huz'-band ('ish; aner): In the Hebrew household the husband and father was the chief personage of an institution which was regarded as more than a social organism, inasmuch as the family in primitive Semitic society had a distinctively religious character and significance. It was through it that the cult of the household and tribal deities was practiced and perpetuated. The house-father, by virtue of being the family head, was priest of the household, and as such, responsible for the religious life of the family and the maintenance of the family altar. As priest he offered sacrifices to the family gods, as at first, before the centralization of worship, he did to Yahweh as the tribal or national Deity. We see this reflected in the stories of Abraham, Isaac and Jacob, and in the Book of Job. This goes far to explain such records as we have in Ge 31:53; 32:9, and the exceptional reverence that was paid the paternal sepulchers (1Sa 20:6). Abraham was regarded as being the father of a nation. It was customary, it would seem, to assign a "father" to every known tribe and nation (Ge 10:1-32). So the family came to play an important and constructive part in Hebrew thought and life, forming the base upon which the social structure was built, merging gradually into the wider organism of the clan or tribe, and vitally affecting at last the political and religious life of the nation itself.
The husband from the first had supreme authority over his wife, or wives, and children. In his own domain his rule was well-nigh absolute. The wife, or wives, looked up to him as their lord (Ge 18:12). He was chief (compare Arabic sheik), and to dishonor him was a crime to be punished by death (Ex 21:15,17). He was permitted to divorce his wife with little reason, and divorces were all too common (De 22:13,19,28-29; Isa 50:1; Jer 3:8; 5:8; Mal 2:16, etc.). The wife seems to have had no redress if wronged by him. Absolute faithfulness, though required of the wife, was apparently not expected or exacted of the husband, so long as he did not violate the rights of another husband. In general among Eastern people women were lightly esteemed, as in the Japhetic nations they came to be. Plato counted a state "disorganized" "where slaves are disobedient to their masters, and wives are on equality with their husbands." "Is there a human being," asks Socrates, "with whom you talk less than with your wife?" But from the first, among the Hebrews the ideal husband trained his household in the way they should go religiously, as well as instructed them in the traditions of the family, the tribe, and the nation (Ge 18:19; Ex 12:26; 13:8; De 6:7, etc.). It was due to this, in part at least, that, in spite of the discords and evils incident to polygamy, the Hebrew household was nursery of virtue and piety to an unusual degree, and became a genuine anticipation of the ideal realized later in the Christian home (1Co 7:2 ff; Eph 5:25; 1Pe 3:7).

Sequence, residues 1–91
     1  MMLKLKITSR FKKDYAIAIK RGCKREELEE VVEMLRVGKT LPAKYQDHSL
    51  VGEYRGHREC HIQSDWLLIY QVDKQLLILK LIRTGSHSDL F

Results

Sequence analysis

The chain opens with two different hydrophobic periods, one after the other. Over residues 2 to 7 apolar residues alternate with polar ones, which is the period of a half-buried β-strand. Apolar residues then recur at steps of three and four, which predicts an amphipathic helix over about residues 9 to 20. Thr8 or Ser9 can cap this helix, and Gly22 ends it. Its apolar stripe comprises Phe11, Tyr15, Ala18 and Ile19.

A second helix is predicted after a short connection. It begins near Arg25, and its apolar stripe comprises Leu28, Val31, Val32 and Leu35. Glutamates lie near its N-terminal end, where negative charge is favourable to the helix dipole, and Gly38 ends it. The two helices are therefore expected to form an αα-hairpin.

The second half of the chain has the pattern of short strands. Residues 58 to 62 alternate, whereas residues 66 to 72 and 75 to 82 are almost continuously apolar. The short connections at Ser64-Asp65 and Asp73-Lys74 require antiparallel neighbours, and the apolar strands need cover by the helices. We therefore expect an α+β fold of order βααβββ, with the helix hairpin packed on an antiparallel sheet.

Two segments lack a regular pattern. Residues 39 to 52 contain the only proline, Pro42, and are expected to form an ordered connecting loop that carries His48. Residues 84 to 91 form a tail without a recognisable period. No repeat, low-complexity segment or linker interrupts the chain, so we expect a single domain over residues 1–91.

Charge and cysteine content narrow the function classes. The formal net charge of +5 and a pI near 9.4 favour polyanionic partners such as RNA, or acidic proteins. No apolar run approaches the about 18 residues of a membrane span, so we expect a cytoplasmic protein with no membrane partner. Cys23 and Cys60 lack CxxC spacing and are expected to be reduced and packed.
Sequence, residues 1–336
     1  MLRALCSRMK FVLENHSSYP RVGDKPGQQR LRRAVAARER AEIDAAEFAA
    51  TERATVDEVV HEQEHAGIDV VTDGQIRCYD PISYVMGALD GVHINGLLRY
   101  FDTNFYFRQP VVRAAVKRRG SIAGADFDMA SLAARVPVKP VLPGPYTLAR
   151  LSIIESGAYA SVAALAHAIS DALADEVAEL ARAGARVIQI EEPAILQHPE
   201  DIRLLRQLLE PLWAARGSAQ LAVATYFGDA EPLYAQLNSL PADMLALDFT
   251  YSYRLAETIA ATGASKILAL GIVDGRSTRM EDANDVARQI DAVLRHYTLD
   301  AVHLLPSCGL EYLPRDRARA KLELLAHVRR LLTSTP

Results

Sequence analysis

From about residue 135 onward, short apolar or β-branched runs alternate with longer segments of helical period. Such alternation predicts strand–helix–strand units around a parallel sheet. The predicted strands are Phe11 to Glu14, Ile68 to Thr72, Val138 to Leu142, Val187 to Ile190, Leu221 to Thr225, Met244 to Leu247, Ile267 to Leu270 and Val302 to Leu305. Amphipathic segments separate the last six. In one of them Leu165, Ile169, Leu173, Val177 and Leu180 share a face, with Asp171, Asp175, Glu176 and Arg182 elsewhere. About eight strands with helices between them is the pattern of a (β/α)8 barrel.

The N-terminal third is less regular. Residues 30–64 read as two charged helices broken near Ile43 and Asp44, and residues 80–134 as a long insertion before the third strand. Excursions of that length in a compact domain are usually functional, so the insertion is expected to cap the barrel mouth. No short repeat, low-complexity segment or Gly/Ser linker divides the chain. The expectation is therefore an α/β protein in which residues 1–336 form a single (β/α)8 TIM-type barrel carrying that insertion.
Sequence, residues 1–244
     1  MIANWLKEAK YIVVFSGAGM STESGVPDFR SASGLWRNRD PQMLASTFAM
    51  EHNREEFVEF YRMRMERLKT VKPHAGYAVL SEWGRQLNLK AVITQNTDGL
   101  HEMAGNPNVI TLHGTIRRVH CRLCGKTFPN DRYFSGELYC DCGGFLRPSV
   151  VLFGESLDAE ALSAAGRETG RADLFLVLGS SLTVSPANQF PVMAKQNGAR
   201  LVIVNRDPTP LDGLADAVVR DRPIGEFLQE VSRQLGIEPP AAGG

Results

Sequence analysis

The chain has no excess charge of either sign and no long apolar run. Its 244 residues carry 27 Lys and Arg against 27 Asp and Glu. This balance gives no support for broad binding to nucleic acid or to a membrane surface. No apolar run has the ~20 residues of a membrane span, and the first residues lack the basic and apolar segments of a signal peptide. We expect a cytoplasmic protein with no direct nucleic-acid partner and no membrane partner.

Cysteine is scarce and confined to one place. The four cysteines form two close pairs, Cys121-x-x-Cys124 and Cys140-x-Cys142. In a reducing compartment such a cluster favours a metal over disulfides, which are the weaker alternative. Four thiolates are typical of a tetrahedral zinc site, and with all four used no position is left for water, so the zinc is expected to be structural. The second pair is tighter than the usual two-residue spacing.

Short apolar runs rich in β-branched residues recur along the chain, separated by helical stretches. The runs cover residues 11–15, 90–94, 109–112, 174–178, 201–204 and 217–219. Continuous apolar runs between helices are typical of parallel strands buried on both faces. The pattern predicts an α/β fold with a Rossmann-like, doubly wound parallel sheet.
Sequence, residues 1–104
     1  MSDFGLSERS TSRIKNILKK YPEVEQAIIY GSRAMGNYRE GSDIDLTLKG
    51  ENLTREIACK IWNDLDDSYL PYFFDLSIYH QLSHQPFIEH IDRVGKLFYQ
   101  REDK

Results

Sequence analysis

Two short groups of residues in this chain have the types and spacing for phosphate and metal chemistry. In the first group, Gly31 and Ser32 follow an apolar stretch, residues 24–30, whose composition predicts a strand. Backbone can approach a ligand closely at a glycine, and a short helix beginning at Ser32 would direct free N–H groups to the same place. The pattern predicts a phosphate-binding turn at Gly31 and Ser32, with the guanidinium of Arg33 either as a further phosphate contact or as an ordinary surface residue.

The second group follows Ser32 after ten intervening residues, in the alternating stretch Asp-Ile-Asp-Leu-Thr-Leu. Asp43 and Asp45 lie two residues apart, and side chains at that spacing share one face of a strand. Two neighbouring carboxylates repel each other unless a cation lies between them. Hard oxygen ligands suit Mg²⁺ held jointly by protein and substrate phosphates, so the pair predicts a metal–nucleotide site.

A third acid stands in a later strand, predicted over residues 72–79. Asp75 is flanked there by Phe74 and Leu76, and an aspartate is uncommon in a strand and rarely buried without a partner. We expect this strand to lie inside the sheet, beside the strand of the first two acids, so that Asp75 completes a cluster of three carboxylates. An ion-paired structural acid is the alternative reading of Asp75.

Used figuratively of the relation (1) between Yahweh and His people (Isa 54:5; Jer 3:14; Ho 2:19 f); (2) between Christ and His church (Mt 9:15; 2Co 11:2; Eph 5:25; Re 19:7; 21:2).
George B. Eager